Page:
"Investigations into the Adaptive Value and Biological Consequences of Positively-Selected Neanderthal Introgressed Genetic Variation in Modern Humans"
Evelyn Jagoda, Ph.D. Candidate, Department of Human Evolutionary Biology
Tuesday, August 3, 9:00-10:00 am EST
Please RSVP to Mallory McCoy for the zoom link & password (firstname.lastname@example.org).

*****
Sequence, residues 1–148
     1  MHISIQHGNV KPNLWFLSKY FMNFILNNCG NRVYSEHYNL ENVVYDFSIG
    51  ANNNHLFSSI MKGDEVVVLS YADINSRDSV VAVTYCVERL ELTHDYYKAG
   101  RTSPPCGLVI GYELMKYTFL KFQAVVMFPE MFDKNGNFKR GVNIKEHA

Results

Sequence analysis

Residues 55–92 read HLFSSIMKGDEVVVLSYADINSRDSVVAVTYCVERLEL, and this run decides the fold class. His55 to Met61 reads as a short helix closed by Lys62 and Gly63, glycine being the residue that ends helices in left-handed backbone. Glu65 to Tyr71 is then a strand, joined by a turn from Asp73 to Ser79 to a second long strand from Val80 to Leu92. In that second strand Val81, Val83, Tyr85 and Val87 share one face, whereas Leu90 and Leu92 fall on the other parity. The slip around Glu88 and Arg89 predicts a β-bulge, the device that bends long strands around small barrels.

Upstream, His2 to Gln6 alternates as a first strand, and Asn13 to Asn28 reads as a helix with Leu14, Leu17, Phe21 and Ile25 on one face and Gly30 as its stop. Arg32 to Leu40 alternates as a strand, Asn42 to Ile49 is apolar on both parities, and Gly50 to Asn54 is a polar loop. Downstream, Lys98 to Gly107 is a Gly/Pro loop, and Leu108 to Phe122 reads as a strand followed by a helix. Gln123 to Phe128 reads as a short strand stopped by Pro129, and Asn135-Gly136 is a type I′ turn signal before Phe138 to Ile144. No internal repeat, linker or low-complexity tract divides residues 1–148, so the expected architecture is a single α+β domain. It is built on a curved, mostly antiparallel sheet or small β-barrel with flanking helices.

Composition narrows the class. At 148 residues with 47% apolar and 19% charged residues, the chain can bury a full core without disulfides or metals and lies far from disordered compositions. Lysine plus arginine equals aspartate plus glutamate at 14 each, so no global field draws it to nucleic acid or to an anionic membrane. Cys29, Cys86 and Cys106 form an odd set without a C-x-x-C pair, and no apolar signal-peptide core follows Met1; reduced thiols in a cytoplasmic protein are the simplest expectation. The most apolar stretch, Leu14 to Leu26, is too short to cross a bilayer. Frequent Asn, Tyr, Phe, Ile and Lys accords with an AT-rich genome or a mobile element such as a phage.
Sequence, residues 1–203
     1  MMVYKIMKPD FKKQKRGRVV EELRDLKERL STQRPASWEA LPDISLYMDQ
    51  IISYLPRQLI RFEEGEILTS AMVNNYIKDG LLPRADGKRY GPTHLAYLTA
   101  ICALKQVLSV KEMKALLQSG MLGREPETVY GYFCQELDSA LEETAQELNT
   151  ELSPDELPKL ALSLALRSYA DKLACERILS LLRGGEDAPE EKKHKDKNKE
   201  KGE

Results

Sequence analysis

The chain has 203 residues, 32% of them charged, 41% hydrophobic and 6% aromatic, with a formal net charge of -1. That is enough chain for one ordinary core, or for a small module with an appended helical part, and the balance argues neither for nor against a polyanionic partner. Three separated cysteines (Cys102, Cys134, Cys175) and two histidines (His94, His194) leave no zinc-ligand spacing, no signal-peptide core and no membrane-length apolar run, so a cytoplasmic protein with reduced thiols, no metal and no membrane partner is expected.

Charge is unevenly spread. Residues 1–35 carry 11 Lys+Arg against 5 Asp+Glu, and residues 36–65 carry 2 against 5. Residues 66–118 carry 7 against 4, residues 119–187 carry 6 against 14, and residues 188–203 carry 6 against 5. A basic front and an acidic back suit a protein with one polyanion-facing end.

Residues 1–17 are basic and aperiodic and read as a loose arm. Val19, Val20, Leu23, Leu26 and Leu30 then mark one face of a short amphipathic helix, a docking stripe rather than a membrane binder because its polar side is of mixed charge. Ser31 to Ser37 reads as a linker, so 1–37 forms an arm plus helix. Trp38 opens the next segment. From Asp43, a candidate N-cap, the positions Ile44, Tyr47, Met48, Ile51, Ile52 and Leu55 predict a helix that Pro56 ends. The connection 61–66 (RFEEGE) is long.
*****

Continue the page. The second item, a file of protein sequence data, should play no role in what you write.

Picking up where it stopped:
The sequencing of ancient genomes has revealed that modern humans interbred with at least two different archaic hominin populations, Neanderthals and Denisovans. Some of this introgressed variation appears to have been under positive selection, yet the adaptive phenotypes driving this selection, as well as the timescales and locations of these positive selection sweeps, remain unclear. The goal of this dissertation is to explore why some archaically introgressed variation has been under positive selection in modern humans and what the biological consequences of this introgression are for human populations today. I approach this question in several ways: (1) investigating the dynamics of the positive selection on introgressed haplotypes genome-wide, (2) identifying adaptively introgressed variants genome-wide that modulate genes in the human immune system and probing their phenotypic effects, and (3) identifying Neanderthal introgressed variants on a locus-specific level that are putative drivers of an increased risk of severe COVID-19.